Released March 2010.
This is one of the most persuasive and idiomatic Roussel discs in the CD catalogue and I enthusiastically commend it to you.’ Words I used in a review that coupled the Second Symphony with the Suite in F and Pour une fête de printemps. It now forms part of a boxed set with other well reviewed issues in this complete symphony cycle. He was one of the many artists whose was emotionally and profoundly effected by the First World War, his output after that period taking on an acidic mood that did not find a ready market. Yet it was the third period, when his music took on a hard-hitting style with driving rhythms, that his music eventually found critical acclaim. His symphonies were spread across those periods and are very different in mood and texture, only the Third having entered French music’s standard repertoire. It has been a major undertaking for the French conductor, Stéphane Denève, an intuitive Roussel interpreter, who adds to the symphonies many more of the composer’s works including two extensive suites from the ballet, Bacchus et Ariane; the Sinfonietta and the emotionally charged Resurrection. Together they form an ideal compendium to the composer’s orchestral works, the playing of the Royal Scottish National is a match for the best French orchestras and the sound engineering is first class. The discs are offered in a slipcase at the price of three normal releases.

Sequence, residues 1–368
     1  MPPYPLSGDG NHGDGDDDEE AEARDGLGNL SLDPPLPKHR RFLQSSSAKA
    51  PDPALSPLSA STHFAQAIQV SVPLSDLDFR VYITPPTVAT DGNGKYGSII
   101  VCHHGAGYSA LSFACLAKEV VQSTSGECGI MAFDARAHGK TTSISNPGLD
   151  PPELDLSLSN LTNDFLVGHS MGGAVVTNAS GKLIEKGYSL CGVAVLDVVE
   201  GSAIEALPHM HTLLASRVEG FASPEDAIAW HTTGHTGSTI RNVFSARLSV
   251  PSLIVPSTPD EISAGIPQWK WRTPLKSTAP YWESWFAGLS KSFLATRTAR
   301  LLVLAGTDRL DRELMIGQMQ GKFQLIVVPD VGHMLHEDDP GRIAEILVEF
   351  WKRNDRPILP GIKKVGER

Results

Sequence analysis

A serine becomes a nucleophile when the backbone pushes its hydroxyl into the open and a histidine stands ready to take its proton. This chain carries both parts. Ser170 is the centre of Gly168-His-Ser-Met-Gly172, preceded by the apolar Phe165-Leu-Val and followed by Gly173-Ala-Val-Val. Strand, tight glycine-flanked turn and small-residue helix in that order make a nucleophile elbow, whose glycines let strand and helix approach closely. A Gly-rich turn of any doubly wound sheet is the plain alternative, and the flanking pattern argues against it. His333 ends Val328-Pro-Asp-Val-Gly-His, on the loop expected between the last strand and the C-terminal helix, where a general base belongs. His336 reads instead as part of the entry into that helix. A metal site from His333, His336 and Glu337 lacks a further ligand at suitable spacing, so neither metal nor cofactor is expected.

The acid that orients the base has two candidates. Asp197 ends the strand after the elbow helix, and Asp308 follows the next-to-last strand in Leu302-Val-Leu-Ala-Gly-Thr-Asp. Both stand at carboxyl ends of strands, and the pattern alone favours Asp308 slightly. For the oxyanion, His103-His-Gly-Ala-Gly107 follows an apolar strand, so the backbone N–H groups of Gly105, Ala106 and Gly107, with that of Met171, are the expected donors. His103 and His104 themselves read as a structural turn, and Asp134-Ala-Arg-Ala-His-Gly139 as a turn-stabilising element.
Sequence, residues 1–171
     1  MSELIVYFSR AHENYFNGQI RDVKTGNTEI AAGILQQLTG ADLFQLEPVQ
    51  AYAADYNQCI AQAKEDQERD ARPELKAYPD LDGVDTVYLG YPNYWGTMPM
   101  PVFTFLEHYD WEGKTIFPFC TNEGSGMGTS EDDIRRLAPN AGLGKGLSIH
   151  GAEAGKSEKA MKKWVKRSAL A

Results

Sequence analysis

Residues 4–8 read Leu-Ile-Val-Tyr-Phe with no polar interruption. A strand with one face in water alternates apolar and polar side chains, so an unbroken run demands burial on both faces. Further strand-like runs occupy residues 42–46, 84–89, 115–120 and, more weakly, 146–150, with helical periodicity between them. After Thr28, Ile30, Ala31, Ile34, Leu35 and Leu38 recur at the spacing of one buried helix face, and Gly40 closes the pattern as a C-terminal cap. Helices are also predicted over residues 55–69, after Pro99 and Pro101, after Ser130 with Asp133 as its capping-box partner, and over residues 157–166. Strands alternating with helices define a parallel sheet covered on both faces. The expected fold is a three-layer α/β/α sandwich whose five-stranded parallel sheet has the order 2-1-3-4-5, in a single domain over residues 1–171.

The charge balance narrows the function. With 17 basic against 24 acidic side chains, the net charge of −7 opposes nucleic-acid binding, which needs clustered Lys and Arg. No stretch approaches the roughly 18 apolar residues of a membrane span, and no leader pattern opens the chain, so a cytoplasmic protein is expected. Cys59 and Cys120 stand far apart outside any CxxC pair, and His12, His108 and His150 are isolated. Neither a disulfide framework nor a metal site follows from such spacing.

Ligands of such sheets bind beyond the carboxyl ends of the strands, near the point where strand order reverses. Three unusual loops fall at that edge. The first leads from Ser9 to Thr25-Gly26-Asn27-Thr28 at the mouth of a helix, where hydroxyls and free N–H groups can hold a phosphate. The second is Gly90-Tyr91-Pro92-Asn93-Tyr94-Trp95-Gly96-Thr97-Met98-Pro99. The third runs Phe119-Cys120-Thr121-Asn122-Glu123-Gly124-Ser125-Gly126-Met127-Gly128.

David Denton, David’s Review Corner, October 2010
David Hurwitz, ClassicsToday.com, July 2010
Naxos has thoughtfully boxed up Stéphane Denève’s complete Roussel symphony cycle, thus providing an excellent excuse (once again) to give it the strongest possible recommendation and to urge you to snap it up without delay. There have been excellent individual performances of these works over the years—Munch in Nos. 3 and 4; Martinon and Eschenbach in No. 2; Bernstein in No. 3—as well as a few decent if not thrilling cycles, but none so consistently fine overall as this. Similarly, the complete Bacchus et Ariane is well served (by Tortelier on Chandos), and so is the second suite, but Denève’s interpretation ranks right up there with the best. His Scottish orchestra plays with all of the necessary gusto and rhythmic fire, and the sonics leave little or nothing to be desired. Here’s one collection with no weak links at all—you can buy all four discs together with total confidence.
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